Lots of voters don’t understand AMS
I just had a look at the number of constituency and list votes in each region, and I have to conclude that lots of voters (and in particular Lib Dem supporters) don’t understand how the Additional Member System (AMS) works.
Basically the constituency vote is used to elect a local candidate, but the result is normally subtracted from the list result. This means that there’s really no point in giving your constituency vote to a small party (unless you’re a party activist or are related to the candidate).
If everybody understood the system, you would therefore expect the large parties (in particular the SNP, but in some places also the Conservatives and Labour) to be getting more constituency votes than list votes, and the opposite should hold for the smaller parties.
However, if you look at the figures below, this simply isn’t the case. Pro-independence voters seem to be clued up, because the SNP consistently got more constituency votes than list votes, and the opposite holds for the Greens (but then, they didn’t stand in most seats), but look at the three main Unionist parties: The Lib Dems and Labour consistently got more first votes than second votes, even in regions where they didn’t have any hope of winning a seat directly. The Tories, on the other hand, got more list votes than constituency votes (except for in the South Scotland region), although they probably had a better hope of winning a few seats.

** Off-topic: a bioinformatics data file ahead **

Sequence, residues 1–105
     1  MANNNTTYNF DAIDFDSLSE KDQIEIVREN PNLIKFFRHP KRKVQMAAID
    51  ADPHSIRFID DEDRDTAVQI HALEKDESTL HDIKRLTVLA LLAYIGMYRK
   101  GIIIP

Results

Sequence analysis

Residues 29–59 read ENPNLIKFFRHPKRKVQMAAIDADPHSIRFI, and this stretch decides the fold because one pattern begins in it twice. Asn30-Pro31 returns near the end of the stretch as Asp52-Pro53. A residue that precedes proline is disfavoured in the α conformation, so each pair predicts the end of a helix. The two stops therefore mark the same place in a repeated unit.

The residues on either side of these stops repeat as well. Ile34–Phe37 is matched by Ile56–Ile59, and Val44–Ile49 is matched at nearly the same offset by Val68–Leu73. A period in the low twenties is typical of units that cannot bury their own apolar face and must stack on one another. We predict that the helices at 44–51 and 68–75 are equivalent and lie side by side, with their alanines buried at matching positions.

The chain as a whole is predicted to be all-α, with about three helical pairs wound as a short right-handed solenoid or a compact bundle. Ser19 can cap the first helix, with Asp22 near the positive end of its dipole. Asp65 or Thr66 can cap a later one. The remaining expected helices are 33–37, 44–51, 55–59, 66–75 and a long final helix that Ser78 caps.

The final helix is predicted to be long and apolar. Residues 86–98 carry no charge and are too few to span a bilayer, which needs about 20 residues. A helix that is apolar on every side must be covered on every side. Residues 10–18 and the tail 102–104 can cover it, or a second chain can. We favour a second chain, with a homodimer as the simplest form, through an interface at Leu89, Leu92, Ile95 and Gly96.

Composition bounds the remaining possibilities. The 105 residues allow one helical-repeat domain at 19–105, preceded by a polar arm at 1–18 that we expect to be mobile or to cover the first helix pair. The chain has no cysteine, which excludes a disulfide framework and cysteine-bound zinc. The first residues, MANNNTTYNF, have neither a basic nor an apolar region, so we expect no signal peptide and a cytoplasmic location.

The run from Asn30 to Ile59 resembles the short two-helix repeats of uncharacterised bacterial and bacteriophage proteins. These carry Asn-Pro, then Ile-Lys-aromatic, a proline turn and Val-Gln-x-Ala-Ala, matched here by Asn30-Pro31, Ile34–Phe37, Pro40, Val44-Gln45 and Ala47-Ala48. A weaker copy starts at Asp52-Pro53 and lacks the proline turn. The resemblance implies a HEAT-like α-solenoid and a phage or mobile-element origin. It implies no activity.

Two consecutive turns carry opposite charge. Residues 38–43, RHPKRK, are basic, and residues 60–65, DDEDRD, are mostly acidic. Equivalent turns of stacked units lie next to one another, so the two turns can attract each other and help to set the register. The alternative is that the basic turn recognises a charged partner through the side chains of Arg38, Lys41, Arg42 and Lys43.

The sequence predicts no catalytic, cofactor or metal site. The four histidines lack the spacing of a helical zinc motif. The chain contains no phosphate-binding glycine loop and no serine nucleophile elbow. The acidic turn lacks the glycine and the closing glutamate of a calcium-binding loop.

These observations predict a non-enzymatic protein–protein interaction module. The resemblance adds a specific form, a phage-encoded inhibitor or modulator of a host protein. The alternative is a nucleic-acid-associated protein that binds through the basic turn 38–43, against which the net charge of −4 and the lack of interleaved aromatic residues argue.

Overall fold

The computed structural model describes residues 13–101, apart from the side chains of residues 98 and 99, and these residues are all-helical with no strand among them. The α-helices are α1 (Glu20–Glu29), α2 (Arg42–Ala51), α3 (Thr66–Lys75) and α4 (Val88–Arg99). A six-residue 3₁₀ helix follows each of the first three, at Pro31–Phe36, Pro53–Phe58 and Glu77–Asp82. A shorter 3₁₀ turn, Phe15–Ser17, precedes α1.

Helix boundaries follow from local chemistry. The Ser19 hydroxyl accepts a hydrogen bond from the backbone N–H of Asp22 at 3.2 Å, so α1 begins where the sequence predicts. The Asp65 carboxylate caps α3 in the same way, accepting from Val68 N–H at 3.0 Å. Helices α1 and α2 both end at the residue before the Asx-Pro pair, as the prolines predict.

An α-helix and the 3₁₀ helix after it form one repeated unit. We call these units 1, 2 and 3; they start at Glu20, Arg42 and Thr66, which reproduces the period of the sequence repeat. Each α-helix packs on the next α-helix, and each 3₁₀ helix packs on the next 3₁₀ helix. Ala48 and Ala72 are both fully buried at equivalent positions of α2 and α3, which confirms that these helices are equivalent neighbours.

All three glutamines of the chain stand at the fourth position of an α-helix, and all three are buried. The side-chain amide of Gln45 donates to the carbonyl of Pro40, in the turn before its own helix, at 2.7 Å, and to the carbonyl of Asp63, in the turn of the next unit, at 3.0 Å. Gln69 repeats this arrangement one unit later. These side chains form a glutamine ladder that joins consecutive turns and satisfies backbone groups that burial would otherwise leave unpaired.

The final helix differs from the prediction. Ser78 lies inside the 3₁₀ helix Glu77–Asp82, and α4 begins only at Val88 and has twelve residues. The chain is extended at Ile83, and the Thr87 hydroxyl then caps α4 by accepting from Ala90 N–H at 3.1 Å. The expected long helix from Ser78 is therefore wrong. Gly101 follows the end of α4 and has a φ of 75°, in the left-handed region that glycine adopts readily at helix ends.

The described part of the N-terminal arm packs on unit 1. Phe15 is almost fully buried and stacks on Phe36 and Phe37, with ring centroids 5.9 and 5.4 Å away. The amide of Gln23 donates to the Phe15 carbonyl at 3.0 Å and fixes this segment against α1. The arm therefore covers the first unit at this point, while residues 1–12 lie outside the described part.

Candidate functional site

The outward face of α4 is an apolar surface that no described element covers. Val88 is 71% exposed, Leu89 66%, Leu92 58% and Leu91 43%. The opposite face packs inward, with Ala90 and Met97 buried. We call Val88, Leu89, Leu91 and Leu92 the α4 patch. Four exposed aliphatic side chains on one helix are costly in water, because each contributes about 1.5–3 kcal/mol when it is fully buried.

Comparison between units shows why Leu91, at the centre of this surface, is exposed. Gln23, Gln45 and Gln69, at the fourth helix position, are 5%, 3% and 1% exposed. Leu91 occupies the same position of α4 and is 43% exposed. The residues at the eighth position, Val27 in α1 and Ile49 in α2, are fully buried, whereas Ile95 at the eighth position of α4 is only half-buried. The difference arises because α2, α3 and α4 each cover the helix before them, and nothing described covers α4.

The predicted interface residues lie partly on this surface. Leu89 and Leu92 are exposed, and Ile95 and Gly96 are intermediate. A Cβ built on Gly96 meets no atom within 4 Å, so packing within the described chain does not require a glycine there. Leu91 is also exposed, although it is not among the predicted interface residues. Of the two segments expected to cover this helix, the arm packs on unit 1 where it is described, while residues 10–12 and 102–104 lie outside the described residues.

This was very lucky for the SNP and the Greens, but it does surprise me that Labour and the Lib Dems fail to understand a system they put in place themselves.
|Highlands and Islands|
|Mid Scotland and Fife|
|North East Scotland|
4 thoughts on “Lots of voters don’t understand AMS”
Given that the method chosen was supposed to favour the then ruling party (Labour) and not be truly proportionally democratic, a complete reform of the system should be carried out.
1. The voting should be national.
2. Votes cast should be calculated as a percentage of the electorate, not of the turnout.
3. If 52% of the electorate don’t vote, 52% of the seats should remain vacant.
Maybe someone with nous could crunch the numbers of the constituency votes + those extra list votes for the smaller parties and see what kind of a parliament we would have then. Sorry, I am too busy myself.
There seems to be an unwritten rule that every proposal for voting system reform should include at least one headscratcher of an idea, in this case a parliament the size of which is determined by turnout.
Point 3 Above.
What a bonkers idea.
IF there were to be an “empty chair” party on the list, AND people turned out to vote for it, THEN it would be reasonable for the appropriate number of seats to remain empty in the chamber.
Otherwise, if people don’t care enough to vote, they don’t care about who sits in the parliament.
“there’s really no point in giving your constituency vote to a small party”
This is a long-standing feature of FPTP – people still vote for their candidate of choice even when that candidate is likely to lose. It has no effect on the list calculation though.